Before electric computerized ignition was widely used, this knocking commonly occurred and could cause significant engine damage. Most modern engines have sensors to detect knocking. When detected, the computer delays the initial spark, which causes the controlled combustion to take place at a point when compression is not at its highest point. Although this eliminates the knock, it can cause the engine to run less efficiently.

A similar undesirable condition is called pre-ignition, when the fuel ignites on its own before the spark ignites it. Modern engine computers minimize this condition by controlling the timing of valves and fuel injection; however, this control mechanism can also come with a fuel-efficiency or emissions penalty.

How is octane measured?

The standard means of testing octane is with an octane testing engine. This test is similar to the way the mass of an object can be determined by comparing it to objects (references) of known mass on a balance scale. Primary Reference Fuels (PRF) of precisely known octane are formed by combining iso-octane, heptane, and other well-known standards such as toluene. These PRFs are used to bracket a given fuel sample to determine the pressure at which similar knock intensities are observed. This measurement is taken by adjusting the octane engine’s cylinder height, which changes the compression ratio/pressure in the engine until the knocking reaches a specific intensity level.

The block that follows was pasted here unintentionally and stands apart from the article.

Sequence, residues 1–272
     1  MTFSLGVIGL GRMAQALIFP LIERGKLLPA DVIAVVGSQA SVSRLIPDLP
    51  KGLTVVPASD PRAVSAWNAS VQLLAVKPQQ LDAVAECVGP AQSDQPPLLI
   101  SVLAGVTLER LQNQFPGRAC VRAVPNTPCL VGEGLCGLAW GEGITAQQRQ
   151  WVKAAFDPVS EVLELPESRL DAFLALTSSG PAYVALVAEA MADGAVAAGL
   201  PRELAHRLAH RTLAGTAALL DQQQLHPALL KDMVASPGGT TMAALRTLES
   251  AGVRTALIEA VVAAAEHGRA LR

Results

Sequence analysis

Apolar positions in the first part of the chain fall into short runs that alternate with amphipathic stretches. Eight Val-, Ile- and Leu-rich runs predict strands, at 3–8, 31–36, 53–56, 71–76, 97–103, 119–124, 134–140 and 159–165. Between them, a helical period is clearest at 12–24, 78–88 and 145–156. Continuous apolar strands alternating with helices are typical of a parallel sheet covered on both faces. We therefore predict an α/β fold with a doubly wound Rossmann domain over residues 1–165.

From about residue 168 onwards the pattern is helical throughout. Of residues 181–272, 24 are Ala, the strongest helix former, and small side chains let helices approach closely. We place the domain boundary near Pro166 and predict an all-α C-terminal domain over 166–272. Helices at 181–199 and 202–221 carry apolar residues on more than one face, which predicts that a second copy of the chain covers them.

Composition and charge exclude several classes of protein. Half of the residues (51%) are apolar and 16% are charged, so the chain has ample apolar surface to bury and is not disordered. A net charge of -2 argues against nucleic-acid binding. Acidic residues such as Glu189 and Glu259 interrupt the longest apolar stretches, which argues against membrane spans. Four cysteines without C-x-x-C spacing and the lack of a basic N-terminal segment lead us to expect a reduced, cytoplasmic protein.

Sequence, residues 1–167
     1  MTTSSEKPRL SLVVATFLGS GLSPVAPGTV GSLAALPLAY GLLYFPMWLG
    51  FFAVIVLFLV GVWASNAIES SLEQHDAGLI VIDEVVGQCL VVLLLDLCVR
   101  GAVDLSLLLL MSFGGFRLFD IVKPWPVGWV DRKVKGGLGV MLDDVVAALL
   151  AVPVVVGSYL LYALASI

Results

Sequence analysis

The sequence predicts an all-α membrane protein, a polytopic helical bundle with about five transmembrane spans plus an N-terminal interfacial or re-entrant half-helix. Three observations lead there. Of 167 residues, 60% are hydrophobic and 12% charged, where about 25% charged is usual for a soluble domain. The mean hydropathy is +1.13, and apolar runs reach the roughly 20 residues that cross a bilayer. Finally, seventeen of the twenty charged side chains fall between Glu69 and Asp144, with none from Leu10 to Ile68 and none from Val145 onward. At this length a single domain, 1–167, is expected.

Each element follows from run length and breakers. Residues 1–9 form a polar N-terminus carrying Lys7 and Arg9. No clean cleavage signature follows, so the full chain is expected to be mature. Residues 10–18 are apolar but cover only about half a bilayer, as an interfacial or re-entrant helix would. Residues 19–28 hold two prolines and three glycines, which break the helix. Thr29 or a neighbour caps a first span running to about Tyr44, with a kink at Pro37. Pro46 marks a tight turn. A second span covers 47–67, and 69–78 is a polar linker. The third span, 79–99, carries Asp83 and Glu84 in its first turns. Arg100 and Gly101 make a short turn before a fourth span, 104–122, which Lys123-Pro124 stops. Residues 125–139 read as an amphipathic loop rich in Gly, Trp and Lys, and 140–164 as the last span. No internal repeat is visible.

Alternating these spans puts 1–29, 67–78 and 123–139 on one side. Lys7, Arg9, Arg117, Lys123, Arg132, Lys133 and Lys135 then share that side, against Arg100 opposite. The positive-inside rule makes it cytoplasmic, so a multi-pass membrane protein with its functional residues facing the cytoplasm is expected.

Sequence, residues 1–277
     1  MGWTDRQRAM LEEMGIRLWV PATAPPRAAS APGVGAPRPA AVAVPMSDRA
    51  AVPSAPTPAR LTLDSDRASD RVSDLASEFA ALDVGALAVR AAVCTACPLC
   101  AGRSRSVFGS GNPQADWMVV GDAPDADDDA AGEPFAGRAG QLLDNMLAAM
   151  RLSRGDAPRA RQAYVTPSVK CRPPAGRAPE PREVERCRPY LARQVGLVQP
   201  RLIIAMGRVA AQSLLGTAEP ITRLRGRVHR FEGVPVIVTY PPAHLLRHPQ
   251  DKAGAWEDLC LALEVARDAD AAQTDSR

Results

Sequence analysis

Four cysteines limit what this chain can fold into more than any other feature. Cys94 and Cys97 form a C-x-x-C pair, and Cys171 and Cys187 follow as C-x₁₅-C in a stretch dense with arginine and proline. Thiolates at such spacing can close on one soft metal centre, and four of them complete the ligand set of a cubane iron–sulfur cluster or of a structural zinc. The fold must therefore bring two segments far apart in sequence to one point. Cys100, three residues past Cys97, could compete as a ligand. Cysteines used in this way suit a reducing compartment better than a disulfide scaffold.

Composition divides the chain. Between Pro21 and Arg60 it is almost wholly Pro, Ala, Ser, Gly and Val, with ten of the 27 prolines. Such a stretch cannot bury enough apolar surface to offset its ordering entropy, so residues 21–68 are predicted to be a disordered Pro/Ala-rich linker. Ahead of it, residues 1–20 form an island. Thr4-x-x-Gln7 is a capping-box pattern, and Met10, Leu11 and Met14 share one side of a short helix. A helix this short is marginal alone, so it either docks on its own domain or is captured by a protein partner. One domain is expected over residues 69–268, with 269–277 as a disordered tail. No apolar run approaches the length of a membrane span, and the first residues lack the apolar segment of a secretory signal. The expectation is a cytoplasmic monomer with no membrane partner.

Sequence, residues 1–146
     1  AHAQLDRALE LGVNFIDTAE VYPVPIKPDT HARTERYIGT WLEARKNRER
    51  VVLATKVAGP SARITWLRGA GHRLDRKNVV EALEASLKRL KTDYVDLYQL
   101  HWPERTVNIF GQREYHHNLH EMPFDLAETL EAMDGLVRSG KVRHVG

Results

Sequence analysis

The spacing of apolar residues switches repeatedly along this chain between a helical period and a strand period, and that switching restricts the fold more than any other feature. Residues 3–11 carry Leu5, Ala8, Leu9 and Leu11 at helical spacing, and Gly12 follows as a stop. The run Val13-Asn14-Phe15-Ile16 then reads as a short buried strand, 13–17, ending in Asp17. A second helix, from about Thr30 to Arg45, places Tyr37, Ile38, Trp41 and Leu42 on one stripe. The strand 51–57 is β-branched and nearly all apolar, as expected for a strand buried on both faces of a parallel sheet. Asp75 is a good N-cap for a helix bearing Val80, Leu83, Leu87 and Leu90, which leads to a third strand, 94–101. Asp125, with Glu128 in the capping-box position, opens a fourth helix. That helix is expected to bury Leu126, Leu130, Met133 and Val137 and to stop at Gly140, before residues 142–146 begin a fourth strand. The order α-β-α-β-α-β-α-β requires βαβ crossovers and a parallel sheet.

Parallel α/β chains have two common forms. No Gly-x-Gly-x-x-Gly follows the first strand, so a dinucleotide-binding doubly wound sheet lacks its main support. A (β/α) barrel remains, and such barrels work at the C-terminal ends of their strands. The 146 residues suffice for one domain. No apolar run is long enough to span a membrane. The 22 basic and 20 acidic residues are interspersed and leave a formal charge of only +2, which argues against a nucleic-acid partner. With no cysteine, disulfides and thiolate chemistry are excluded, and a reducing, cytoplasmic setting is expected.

The (R+M)/2 you see on the label refers to the average of the research octane number (RON) and the motor octane number (MON) ratings. To determine the RON, the fuel is tested under engine idle conditions with a low air temperature and slow engine speed. To determine the MON the fuel is tested under the more stressful conditions of higher air temperature and engine speed.

Historically, RON and MON were determined on separate testing machines specifically configured for each test. Current designs (see image below) allow the same engine to perform both tests. Despite this flexibility, many testers still prefer to use more than one machine with each specifically set up and calibrated to perform either RON or MON tests.

An octane testing engine

Last updated: November 17, 2022

Is premium gasoline really better for luxury vehicles?

Is high-octane gas worth the price? See car engine pictures.


With gas prices fluctuating and the economy in an unpredictable state, drivers are constantly looking for ways to save money at the pump. The most obvious way to get a little savings is to opt for regular unleaded gasoline and instantly save around 20 cents per gallon over the premium stuff. In most states premium gasoline is defined as gas having an octane rating of 91 or 92 — regular typically has an octane rating of 87. But will using a lower-grade gasoline actually hurt your car’s engine? This is an especially important question if you own a luxury car, because the manufacturers of most luxury vehicles recommend premium gas.